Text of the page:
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Lockerbie victim's brother: Prosecute Gadhafi

By Brian Flynn, Special to CNN
  • Brian Flynn lost brother in Pan Am 103 bombing; says Libya tumult sad, not surprising
  • He says new evidence may tie Gadhafi directly to bombing; he, others have long thought this
  • U.S. Justice Dept. should arrest Gadhafi and try him in U.S., he says
  • Flynn: Many officials worked to "bring Libya in from the cold;" now time for justice to be done

Editor's note: Brian Flynn is the brother of Lockerbie victim J.P. Flynn and vice president of Pan Am 103, an advocacy organization. He is a business adviser.

(CNN) -- Horrible images of the slaughter happening in Libya have flooded our news, and I have received calls and e-mails asking me if I'm happy to see the murderous regime of the man who killed my brother nearing its end.

I'm asked if I've heard that there may be evidence finally linking Moammar Gadhafi directly to the crime of blasting Pan Am 103 out of the Scottish airspace and plunging my 21-year-old brother -- in his seat -- to a field near Lockerbie where he would be found hours later, still strapped in, neck broken.

Well, I'm not happy, nor am I the least surprised. Gadhafi's bloodthirsty response to a long-overdue uprising of the innocent people of Libya makes me beyond sad: More lives are to be ruined to appease the whims of a serial killer playing at despot.

For over two decades, the families of the victims of Pan Am 103 have been calling for the indictment and imprisonment of Gadhafi. One of his agents, Abdel Baset Al Megrahi, was tried by a Scottish court sitting in the Netherlands and convicted in 1988 of murdering my brother and 269 other innocent civilians "for the furtherance of Libyan intelligence."

Opinion: The bizarre Gadhafi I met

Megrahi clearly did not act alone and it was widely believed that Gadhafi ordered the downing. In an off-the-record interview, according to then UPI reporter Arnaud de Borchgrave, Gadhafi even admitted as much in 1993. Years later, like any artful sociopath, Gadhafi denied having ever said the words.

Unfortunately, there was never enough documentary evidence to indict Gadhafi alongside his henchmen. This week, the defected Libyan justice minister, Mustafa Abdel-Jalil, told a Swedish newspaper reporter that the necessary evidence does exist.

It is now time for the U.S. Justice Department to re-focus its efforts on this case and immediately issue a warrant for Gadhafi's arrest and extradition. He should be made to stand trial in the United States for the Lockerbie bombing before he can be conveniently shuffled off to any sort of international tribunal.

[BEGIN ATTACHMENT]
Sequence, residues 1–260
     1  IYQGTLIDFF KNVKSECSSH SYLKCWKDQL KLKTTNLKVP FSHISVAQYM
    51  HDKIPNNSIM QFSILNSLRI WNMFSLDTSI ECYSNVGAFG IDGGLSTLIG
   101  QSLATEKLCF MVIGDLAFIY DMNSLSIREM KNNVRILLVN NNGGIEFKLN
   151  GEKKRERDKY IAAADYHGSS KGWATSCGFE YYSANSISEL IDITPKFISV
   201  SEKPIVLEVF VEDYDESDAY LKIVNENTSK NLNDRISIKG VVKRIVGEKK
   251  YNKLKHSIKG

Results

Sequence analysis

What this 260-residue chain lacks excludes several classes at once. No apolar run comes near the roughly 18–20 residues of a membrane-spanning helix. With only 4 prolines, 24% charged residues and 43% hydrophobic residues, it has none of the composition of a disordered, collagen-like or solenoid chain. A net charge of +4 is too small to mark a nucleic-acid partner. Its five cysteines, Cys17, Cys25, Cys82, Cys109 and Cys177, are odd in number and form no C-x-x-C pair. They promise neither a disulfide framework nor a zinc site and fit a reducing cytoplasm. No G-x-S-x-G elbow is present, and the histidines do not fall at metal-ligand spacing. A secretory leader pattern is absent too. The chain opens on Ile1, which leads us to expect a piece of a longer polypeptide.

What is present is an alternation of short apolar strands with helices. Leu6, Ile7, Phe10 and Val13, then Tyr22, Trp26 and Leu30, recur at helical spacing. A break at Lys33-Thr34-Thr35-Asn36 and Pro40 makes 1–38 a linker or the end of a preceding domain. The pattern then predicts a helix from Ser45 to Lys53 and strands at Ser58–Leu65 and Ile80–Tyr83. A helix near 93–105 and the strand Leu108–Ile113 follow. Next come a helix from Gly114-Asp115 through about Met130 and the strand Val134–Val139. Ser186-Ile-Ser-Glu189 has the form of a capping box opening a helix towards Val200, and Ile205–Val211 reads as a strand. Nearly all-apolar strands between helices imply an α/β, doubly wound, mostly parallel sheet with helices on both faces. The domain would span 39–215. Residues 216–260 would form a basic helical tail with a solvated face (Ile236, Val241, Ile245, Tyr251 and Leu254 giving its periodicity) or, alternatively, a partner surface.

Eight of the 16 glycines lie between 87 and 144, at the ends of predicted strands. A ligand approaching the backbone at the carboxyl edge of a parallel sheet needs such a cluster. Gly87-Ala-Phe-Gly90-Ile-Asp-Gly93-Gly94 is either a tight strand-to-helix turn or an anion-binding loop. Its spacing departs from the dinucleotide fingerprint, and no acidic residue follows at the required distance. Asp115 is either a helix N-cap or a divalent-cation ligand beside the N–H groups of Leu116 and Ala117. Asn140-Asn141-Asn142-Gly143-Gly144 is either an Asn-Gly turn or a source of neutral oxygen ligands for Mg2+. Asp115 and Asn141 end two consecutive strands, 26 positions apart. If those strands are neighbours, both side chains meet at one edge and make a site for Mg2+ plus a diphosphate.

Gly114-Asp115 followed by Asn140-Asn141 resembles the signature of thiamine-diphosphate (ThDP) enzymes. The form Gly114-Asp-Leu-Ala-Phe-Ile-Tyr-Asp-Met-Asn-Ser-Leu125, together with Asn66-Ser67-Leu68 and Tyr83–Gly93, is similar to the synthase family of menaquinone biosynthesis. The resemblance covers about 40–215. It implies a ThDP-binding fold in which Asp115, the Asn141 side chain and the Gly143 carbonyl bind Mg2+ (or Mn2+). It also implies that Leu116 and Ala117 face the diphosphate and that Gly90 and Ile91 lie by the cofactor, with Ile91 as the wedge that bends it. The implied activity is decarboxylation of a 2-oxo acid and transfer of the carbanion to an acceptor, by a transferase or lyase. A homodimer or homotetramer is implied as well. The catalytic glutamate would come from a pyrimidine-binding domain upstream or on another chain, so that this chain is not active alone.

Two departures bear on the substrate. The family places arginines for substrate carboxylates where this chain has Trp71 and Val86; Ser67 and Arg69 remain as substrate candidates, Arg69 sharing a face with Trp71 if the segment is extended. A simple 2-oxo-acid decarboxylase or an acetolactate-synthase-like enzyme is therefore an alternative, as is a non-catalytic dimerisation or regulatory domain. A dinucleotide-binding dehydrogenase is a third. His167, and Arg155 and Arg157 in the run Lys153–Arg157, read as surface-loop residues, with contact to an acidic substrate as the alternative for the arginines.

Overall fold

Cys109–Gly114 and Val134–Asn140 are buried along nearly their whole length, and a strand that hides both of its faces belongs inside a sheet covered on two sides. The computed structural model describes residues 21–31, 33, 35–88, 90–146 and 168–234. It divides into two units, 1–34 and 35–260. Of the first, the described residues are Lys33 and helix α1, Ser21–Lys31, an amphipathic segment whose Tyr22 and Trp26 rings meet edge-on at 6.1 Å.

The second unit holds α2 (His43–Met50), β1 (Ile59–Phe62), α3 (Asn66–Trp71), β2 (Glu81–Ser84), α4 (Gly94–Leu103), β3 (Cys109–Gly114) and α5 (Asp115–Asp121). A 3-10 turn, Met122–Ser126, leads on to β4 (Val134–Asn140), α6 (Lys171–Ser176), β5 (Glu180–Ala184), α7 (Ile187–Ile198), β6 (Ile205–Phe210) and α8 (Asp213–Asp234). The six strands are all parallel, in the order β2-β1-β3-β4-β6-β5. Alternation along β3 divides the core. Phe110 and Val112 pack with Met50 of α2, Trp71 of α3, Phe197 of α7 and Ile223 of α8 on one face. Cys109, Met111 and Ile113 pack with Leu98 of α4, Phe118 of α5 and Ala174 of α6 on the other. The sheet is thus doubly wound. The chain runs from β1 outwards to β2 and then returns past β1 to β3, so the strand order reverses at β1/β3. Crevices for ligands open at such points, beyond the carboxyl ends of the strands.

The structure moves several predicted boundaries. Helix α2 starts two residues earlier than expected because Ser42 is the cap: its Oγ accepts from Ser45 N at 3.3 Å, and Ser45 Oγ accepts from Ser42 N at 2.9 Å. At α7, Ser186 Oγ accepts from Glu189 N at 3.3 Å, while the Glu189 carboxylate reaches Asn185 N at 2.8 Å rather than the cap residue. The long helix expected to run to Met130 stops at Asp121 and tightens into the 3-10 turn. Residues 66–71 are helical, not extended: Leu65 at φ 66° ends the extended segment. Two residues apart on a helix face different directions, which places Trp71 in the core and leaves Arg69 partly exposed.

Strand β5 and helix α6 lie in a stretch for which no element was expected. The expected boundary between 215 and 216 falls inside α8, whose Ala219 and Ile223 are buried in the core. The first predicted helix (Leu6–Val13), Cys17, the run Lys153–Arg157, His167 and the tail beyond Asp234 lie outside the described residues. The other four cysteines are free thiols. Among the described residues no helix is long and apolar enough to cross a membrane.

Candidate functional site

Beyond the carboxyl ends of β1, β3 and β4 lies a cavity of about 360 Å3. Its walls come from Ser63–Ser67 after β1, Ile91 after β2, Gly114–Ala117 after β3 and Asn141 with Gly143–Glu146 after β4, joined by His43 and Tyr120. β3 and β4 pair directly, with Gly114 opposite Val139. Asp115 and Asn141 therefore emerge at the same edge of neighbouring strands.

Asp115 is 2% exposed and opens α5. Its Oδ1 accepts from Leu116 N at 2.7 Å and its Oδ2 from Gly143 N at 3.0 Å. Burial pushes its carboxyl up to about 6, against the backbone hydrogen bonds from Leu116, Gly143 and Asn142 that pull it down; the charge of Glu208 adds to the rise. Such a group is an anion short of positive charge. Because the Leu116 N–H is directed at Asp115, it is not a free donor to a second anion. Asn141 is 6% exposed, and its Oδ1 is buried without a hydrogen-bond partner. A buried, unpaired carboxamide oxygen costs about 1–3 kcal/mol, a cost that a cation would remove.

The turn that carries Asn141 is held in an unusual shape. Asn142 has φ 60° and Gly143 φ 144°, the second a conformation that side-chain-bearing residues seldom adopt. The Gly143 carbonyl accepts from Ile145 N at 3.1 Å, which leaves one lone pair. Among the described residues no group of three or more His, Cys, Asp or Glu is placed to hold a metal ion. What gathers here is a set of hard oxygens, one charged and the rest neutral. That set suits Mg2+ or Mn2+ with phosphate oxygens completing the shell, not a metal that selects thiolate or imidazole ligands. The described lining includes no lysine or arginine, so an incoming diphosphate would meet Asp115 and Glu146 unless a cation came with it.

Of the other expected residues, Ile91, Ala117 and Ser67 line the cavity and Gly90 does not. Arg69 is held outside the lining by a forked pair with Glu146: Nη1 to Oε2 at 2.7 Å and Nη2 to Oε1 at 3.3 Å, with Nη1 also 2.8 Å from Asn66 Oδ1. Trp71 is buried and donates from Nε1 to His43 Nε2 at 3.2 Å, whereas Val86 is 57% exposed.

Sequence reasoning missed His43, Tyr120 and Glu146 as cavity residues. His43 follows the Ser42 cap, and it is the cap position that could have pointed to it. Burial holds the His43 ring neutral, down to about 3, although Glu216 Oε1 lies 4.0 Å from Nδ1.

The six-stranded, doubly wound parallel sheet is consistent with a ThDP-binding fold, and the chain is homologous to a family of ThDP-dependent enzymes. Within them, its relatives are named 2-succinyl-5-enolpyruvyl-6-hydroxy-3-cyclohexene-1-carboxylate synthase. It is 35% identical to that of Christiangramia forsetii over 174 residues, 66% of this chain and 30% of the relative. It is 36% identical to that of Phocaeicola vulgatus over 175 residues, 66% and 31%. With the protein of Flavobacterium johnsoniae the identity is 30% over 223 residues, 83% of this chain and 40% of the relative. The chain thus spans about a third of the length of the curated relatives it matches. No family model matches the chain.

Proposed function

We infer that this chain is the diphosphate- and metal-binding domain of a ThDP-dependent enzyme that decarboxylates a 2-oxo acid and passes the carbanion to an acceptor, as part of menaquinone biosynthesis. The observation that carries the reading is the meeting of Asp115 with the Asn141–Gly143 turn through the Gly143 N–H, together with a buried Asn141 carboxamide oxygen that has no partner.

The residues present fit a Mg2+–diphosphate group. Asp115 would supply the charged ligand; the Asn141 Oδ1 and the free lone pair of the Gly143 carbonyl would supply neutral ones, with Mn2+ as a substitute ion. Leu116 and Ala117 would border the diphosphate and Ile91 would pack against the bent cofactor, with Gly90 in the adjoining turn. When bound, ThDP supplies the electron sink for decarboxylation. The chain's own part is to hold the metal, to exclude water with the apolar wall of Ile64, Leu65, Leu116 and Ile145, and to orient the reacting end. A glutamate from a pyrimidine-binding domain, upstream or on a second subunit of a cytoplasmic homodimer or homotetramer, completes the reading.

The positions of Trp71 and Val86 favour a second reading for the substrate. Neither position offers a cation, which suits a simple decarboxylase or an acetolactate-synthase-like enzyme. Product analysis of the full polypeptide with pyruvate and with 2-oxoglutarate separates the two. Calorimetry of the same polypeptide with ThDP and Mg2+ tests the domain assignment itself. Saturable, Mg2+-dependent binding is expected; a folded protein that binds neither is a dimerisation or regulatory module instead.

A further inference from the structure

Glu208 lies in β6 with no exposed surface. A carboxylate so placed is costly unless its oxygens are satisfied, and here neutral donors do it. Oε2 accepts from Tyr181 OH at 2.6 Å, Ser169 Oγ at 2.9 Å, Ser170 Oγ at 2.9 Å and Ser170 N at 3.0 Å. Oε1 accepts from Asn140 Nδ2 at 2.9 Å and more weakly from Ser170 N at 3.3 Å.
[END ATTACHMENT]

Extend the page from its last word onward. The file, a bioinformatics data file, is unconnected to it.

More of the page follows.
As we have learned from the premature and feckless release of al-Megrahi 19 months ago, we cannot trust the British or the Scottish governments to apply justice that doesn't benefit their coffers in return.

Over the years, Lockerbie families have loudly objected to any hint of rapprochement with Libya. Our feeling has always been that Gadhafi needs to be held accountable. If we try to "move on," we betray the Lockerbie victims and the people of Libya. We are horrified by the violence there now, but we are not shocked.

Those who lobbied to normalize relations with Libya or to free Megrahi include U.S. energy companies, BP, former British Prime Minister Tony Blair, Scottish First Minister Alex Salmond, Scotland's Justice Minister Kenny MacAskill, former Justice Minister Jack Straw, and many others. Their cynical moves over the years to "bring Libya in from the cold" have legitimized and empowered the Gadhafi regime.

Meddling with Libya's"mad dog" is dangerous

Last summer, Sens. Robert Menendez and Frank Lautenberg of New Jersey, and Kirsten Gillibrand and Chuck Schumer of New York called for an investigation into the particulars behind Megrahi's release. Their efforts were instantly thwarted by those in the U.K. government and the Scottish government involved in his freeing , as well as BP, which admitted lobbying for release to help close an oil deal on Libya's coast.

It is time for these people to be held accountable for their betrayal of the principles of justice.

We have the opportunity to change the end of this story. President Obama may have been tempered in his remarks last night because of his concerns for the Americans still in Libya, he needs to step it up. Now is the time for America to stand behind the Libyan people. There is no moral ambiguity here: Libya is not Egypt or Tunisia or even Iraq. This Libyan regime attacked the United States and we have never held them accountable.

Gadhafi is not another Mubarak. He is another Osama bin Laden, but more powerful and effective. If there is not enough evidence of his craven ways, Thursday Gadhafi went on Libyan radio to declare that none other than bin Laden is behind the revolt -- an idea so ludicrous that you know Osama is somewhere in a cave laughing his head off. Gadhafi is the bad guy here, a madman, a megalomaniac, and an enemy not only of the U.S. and Libya, but also of universal human values. Think Milosovic. Think Amin. Think Hitler.

This is about so much more than my brother, or even the freedom of the Libyan people at this point. This is about what it means to uphold justice and live in a free society.

What Obama needs to say is that the U.S. will stop at nothing to hold Gadhafi accountable for his mounting crimes against humanity, and that our country is here to help the Libyan people in any way to help remove him and transition to a free Libya.

The opinions expressed in this commentary are solely those of Brian Flynn.